AbstractEmotional and behavioural difficulties (EBD) in mainstream schools in Ireland attract much attention and significant resources. Little research has been conducted in the Irish context about how this concept is understood by practitioners, nor on what influences that understanding. This has a bearing on behaviour policies and responses to the needs of students. This research investigates current understandings and definitions of EBD in mainstream primary and post-primary schools, what influences these issues and how this impacts on the development of behaviour policy and responses in schools.
Employing a social constructivist framework, data were generated using a mixed methods approach which included a literature review, questionnaires (n=47) and semi-structured interviews (n=13) conducted with principals, learning support/resource teachers and guidance counsellors, followed by an analysis of special educational needs and behaviour policy documents (n=4). Employing an inductive analytical approach, a qualitative thematic analysis was conducted which identified emergent themes from the questionnaire. These themes were investigated in the literature, informed the interview schedule and were further interrogated in the document analysis.
The research suggests variations in the level of sophistication in understandings of EBD. Definitions appear to focus on intrapersonal characteristics and suggest a certain resignation among practitioners. The effectiveness of behaviour policies is uncertain due to an imperative to produce policy, traditional views of the homogeneity of the school population, a tendency to rely on SEN policy to address EBD issues and variations in the involvement of stakeholders. Responses to EBD vary considerably, with child-centred and positive behavioural curricular approaches more in evidence at primary level. Thinking about behavioural issues and school-based responses appear to be affected by gender issues, particularly in the language used when discussing EBD.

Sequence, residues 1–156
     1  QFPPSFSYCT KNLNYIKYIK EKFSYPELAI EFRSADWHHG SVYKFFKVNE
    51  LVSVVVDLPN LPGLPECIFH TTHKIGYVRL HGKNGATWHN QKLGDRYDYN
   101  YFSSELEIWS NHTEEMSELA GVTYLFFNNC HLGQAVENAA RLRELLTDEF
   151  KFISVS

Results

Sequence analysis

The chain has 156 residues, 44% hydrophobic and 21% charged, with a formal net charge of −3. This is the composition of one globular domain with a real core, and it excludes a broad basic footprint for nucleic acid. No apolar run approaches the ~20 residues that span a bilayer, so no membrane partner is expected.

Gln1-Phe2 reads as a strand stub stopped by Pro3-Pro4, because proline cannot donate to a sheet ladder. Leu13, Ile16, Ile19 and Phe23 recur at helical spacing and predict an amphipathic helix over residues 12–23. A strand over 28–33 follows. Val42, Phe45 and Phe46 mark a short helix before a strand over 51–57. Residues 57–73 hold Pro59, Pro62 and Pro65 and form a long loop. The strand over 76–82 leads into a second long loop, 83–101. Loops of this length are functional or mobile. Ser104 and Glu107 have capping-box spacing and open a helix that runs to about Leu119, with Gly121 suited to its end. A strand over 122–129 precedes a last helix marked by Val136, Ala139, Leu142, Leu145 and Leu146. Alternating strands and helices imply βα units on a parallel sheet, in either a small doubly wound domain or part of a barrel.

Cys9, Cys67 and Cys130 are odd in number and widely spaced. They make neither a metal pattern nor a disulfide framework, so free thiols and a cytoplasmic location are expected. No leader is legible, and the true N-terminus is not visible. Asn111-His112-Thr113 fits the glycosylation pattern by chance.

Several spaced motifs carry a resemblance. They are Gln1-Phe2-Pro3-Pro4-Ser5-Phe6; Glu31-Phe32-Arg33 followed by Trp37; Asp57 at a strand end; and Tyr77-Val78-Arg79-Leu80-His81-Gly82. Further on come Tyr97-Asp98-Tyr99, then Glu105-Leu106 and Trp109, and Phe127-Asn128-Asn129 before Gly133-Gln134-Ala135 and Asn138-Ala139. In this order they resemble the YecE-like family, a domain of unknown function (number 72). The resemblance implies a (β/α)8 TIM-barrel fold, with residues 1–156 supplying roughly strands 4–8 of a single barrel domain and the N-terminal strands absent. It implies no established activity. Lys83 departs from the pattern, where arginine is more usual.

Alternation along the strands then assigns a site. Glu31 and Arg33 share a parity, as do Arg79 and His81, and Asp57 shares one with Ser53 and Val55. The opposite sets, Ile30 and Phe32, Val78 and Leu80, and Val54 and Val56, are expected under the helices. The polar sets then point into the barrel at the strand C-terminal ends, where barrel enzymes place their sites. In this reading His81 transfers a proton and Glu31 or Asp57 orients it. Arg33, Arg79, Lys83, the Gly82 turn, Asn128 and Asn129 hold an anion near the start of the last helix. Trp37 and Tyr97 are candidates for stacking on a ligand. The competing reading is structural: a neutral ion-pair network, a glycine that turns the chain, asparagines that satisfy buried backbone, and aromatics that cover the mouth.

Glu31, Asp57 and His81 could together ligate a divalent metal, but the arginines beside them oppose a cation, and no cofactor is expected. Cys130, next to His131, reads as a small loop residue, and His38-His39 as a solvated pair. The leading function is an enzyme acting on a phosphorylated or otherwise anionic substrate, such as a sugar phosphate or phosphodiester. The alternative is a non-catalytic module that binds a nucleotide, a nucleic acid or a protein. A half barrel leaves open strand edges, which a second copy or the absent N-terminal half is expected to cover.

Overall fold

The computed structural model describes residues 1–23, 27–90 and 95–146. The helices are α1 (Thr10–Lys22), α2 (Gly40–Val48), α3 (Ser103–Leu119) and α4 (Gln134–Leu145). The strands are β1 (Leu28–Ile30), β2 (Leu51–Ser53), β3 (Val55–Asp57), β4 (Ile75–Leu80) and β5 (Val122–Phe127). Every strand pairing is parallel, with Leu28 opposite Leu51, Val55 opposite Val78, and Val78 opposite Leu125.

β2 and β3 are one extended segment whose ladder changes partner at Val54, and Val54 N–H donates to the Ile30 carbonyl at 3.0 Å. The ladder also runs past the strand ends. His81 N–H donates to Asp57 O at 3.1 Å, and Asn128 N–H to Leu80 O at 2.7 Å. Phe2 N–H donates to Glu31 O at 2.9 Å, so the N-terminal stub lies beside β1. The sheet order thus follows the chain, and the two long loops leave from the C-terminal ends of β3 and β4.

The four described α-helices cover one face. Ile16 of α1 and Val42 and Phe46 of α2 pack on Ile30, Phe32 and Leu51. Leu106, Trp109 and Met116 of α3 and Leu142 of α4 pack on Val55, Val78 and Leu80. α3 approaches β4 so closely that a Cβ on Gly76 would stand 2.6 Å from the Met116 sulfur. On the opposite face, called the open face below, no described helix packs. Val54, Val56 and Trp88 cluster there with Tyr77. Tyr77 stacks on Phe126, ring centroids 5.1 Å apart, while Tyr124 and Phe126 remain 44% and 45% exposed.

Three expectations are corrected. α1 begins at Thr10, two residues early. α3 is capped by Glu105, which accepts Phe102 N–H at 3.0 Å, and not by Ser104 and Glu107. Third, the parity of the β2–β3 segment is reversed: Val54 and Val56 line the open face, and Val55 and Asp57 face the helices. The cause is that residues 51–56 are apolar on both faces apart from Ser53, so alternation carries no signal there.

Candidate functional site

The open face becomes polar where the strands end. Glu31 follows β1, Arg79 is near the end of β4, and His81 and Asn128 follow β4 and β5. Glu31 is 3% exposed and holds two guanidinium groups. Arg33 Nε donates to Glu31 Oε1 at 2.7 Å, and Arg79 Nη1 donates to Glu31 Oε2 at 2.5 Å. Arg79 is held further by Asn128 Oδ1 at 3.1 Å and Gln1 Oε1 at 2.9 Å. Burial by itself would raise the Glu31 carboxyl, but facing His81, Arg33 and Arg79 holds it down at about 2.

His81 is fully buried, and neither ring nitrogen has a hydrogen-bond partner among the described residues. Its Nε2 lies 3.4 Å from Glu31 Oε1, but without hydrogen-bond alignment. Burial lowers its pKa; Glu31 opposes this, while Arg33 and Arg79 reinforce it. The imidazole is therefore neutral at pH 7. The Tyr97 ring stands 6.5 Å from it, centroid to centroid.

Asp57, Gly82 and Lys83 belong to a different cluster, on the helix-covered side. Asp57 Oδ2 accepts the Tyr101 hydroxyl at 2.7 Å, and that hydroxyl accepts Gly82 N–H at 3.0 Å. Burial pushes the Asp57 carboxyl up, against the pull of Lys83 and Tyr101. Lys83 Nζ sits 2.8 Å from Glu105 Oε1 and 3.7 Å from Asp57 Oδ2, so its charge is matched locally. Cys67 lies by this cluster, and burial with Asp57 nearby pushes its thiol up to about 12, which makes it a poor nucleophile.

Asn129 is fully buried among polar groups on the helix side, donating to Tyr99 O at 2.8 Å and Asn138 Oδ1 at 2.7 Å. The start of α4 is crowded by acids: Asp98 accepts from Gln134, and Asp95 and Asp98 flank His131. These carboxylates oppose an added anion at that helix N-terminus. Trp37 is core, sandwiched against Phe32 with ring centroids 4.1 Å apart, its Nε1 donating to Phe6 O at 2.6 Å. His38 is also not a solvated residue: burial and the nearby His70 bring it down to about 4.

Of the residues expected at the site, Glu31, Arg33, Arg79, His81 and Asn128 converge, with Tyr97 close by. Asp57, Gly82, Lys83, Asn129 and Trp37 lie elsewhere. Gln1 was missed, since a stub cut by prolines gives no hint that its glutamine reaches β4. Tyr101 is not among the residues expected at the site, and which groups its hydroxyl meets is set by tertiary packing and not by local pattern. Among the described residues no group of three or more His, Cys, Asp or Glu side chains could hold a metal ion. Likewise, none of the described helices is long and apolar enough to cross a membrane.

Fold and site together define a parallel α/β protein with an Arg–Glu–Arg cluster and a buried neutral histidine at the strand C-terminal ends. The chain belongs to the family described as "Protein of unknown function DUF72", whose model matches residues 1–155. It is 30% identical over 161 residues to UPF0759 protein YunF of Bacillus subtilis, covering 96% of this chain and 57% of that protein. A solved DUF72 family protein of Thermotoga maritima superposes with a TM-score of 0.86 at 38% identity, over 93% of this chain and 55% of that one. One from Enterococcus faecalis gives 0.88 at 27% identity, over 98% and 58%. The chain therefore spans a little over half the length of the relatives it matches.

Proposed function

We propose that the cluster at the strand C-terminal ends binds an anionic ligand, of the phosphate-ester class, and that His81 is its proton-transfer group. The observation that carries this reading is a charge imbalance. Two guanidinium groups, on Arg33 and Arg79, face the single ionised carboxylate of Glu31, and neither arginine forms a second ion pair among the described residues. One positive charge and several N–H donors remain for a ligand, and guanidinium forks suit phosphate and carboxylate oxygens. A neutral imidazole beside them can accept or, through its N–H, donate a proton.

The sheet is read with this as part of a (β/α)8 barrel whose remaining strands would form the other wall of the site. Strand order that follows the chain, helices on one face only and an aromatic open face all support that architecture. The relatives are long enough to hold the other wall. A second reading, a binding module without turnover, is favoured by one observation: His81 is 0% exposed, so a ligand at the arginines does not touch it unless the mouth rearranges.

Several themes emerge regarding how EBD is conceptualised and responded to in schools. A move towards a more holistic view of causal factors and definitions is juxtaposed against a traditional view focusing on within-child characteristics. Efforts to promote whole school approaches and inclusive behaviour policies struggle to embed themselves where school cultures are slow to change in an education system which, itself, appears to be experiencing a change of focus. Understandings of and responses to EBD are evolving at different rates in different sectors. Gender and school focus or ethos exert influences on these on-going developments but do not yet appear to be acknowledged or investigated as pertinent factors.
|Date of Award||2013|
|Supervisor||Richard Rose (Supervisor) & Philip Garner (Supervisor)|